With the economy in dire straits, backbreaking inflation and the country reeling in the aftermath of the devastation caused by record rainfall and floods, what is the reaction of the Pakistani politicians across the political divide?

They are obsessing over who will be appointed the next army chief when (and if) the incumbent retires at the end of November this year. The supporters of the governing Pakistan Democratic Movement alliance could object to being bracketed with the opposition Pakistan Tehreek-e-Insaf and may argue that the prime minister is leading the flood relief and economic revival effort.

To them, I’d say let’s turn back and look at the no-confidence move earlier this year. Pakistan Muslim League-Nawaz sources have told me that the party supremo Nawaz Sharif was not excited at the prospect of the no-trust move against former prime minister Imran Khan, but was presented with a compelling argument during the debate in the party. Two factors or scenarios were discussed.

The economic crisis had already erupted, with a spiralling current account deficit sounding the death knell (not just ringing the alarm bells), the International Monetary Fund package on hold, and delusional PTI economy managers thinking they’d find the money from somewhere to fund their near-suicidal fuel subsidy against the backdrop of skyrocketing global energy prices.

Against this backdrop, there was a sense that the PML-N did not need to intervene and that the PTI government would collapse under the weight of its own incompetence and ineptitude. This view was strengthened by several by-election results across the country, which demonstrated support was plummeting for the governing party.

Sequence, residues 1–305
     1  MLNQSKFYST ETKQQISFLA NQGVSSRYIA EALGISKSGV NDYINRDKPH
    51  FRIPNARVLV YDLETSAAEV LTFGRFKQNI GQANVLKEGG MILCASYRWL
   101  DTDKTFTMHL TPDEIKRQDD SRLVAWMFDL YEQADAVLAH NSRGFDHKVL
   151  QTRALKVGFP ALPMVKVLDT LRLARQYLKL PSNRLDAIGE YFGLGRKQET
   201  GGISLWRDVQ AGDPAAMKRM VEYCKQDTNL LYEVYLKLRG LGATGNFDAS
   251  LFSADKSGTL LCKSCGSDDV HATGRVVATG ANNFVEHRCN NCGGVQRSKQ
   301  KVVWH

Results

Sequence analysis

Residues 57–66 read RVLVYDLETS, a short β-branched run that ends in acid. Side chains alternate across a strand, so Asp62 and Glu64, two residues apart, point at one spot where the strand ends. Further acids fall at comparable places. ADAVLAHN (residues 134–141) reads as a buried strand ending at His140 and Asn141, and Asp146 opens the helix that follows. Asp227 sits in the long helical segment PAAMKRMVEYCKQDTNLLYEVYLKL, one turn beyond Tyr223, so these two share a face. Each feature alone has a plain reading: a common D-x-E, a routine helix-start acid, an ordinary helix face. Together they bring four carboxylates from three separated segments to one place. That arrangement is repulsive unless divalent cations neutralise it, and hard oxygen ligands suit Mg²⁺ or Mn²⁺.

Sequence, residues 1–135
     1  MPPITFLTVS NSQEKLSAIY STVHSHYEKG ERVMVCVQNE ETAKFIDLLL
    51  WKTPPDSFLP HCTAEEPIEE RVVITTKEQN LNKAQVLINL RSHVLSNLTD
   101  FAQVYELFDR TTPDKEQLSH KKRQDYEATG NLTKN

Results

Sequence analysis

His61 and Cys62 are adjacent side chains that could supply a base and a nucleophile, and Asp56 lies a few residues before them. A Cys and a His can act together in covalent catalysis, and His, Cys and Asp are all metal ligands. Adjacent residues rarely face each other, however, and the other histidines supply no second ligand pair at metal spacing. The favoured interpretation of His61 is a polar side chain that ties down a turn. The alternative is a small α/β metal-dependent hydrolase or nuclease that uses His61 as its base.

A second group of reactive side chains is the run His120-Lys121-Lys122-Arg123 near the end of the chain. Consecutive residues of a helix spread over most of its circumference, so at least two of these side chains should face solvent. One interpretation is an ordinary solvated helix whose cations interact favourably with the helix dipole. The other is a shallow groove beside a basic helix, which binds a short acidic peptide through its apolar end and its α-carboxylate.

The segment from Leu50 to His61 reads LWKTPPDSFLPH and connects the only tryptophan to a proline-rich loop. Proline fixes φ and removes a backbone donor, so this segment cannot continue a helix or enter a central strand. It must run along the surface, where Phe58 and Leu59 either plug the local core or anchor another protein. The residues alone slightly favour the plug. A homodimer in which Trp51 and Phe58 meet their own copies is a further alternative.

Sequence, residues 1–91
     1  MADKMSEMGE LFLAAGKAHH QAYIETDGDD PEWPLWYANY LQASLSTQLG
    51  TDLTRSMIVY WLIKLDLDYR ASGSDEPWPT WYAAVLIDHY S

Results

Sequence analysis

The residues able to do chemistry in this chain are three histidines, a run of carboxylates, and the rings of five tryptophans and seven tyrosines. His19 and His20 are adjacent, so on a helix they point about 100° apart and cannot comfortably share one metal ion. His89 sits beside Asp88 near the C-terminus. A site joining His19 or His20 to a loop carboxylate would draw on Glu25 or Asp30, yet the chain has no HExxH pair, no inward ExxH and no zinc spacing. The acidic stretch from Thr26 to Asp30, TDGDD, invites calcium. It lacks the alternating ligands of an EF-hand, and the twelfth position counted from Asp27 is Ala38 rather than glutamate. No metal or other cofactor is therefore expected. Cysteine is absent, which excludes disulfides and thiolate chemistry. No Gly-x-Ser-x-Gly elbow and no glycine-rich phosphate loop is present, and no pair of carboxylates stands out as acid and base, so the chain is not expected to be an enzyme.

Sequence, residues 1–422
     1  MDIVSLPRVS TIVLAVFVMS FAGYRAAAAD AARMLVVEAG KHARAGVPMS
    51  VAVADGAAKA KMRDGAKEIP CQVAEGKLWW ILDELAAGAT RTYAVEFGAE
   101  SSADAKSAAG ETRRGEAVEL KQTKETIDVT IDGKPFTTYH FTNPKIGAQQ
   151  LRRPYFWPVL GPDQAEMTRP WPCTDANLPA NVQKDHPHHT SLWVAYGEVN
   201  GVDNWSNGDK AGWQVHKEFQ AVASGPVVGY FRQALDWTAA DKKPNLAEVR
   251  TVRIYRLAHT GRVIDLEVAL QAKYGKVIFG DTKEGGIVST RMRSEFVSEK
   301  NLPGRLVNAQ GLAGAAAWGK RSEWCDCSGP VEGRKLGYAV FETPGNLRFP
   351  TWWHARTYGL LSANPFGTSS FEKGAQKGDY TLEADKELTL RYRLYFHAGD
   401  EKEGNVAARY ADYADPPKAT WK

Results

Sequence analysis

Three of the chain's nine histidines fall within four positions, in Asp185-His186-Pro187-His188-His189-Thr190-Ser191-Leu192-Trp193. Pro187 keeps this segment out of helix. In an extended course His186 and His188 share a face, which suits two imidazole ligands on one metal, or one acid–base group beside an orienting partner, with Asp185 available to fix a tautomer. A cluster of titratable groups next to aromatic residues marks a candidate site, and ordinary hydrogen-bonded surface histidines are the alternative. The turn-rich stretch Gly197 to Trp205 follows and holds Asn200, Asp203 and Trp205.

On the flip side, however, if the PTI was allowed to continue in office till the end of the year, it was certain that Imran Khan would appoint his own man as the army chief. With the prime minister and chief of the army staff in tandem, the opposition would be persecuted endlessly and kept out of power for the foreseeable future, possibly over two terms.

This scenario clinched the argument for support to the no-confidence motion. After all, the individual expected to be Imran Khan’s choice was seen by political detractors as having a track record of silencing the media, of manipulating the 2018 elections and then shepherding every ‘independent’ member of parliament into the PTI’s arms. He was also credited with ‘managing’ court verdicts against PML-N leaders.

It was said, even as others had lost faith in the former prime minister barely three years after propelling him into the chief executive’s office, that his commitment to ‘Project Imran’ remained unflinching.

Once Shehbaz Sharif was elected to replace Imran Khan, those in the PML-N-PDM who supported immediate elections were out-voted by the premier’s group, which wanted to stay in office and enjoy power while citing the national interest in taking exceedingly unpopular decisions to save the country from economic ruin as their motivation.